Microsoft has quietly launched its first Azure cloud region in Doha, Qatar.

“We are launching our newest data center region in Qatar. The new data center region includes Azure Availability Zones, which offer you additional resiliency for your applications by designing the region with unique physical data center locations with independent power, network, and cooling for additional tolerance to data center failures,” the company posted in its Azure updates page.

Skyline_of_Doha_West_Bay Wikimedia Ceslou.jpg
– Wikimedia / Ceslou

On the company’s Azure infrastructure page, the Qatar region is listed as based in Doha, and launches with three availability zones.

The Qatari government gave Microsoft permission to develop a cloud region in the Gulf country in January 2019, with an official announcement from the company coming in December of that year. At the time the company said the new region would be available in 2021. Qatari ICT firm Meeza completed the data center due to host Microsoft’s infrastructure last year, but the launch of the region itself was pushed back to 2022.

Microsoft has a second Azure region in the Middle East; its Dubai region in the UAE launched in 2019. Its Abu Dhabi region, launched at the same time as Dubai, has since been de-listed and may have been converted into a reserved access zone.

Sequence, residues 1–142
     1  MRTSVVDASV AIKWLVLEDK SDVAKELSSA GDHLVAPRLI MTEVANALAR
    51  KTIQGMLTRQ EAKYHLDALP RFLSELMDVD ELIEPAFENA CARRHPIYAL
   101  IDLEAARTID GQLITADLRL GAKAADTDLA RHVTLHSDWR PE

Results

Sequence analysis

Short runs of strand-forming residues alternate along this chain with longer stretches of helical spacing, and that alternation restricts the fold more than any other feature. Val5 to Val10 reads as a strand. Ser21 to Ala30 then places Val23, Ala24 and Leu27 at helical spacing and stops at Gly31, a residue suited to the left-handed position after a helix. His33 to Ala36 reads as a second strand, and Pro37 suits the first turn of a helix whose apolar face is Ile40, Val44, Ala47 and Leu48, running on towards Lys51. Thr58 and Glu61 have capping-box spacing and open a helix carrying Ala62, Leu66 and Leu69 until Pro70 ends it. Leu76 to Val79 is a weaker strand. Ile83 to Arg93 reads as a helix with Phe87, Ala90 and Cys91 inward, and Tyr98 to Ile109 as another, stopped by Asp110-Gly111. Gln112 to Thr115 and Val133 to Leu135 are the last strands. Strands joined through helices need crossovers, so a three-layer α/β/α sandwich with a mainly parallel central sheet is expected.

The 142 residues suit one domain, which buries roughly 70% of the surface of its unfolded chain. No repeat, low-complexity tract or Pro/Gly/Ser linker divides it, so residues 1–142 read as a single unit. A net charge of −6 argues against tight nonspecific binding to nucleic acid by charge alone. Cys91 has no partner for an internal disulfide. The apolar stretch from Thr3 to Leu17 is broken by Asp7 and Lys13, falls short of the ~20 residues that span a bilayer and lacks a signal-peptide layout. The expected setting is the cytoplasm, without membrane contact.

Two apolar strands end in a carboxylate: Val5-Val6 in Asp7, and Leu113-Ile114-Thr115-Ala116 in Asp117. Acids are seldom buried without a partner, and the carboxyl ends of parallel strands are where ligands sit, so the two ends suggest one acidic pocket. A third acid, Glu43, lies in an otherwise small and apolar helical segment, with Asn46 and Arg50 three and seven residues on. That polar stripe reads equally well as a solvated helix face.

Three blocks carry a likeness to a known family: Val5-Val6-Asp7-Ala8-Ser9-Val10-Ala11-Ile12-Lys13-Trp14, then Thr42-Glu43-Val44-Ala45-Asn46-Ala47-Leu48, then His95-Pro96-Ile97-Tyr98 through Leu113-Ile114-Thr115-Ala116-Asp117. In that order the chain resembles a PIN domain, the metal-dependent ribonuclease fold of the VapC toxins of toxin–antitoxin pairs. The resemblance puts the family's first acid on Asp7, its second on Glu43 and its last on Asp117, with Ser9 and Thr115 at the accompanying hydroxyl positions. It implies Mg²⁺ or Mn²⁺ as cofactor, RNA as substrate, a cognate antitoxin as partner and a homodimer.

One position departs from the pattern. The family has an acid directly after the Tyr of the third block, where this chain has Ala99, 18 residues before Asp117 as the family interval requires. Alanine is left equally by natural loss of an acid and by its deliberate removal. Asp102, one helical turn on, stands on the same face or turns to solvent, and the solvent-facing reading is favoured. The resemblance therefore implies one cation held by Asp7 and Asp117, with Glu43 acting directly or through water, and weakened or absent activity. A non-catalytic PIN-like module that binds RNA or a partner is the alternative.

The company is also working on developing a cloud region in Israel.

Google is developing regions in Israel, Saudi Arabia, and Qatar. AWS has a region in Bahrain and is planning another in the United Arab Emirates (UAE).

Oracle opened its first UAE cloud region in Dubai in 2020, after opening a facility in partnership with local telco Etisalat the year before. The company now has four of six planned cloud facilities open in the Middle East; two in the UAE and one each in Saudi Arabia and Israel. The company plans to open second facilities in both countries, and recently signed an MoU to become a tenant in SA’s new Neom city.

Get a monthly roundup of Hyperscale news, direct to your inbox.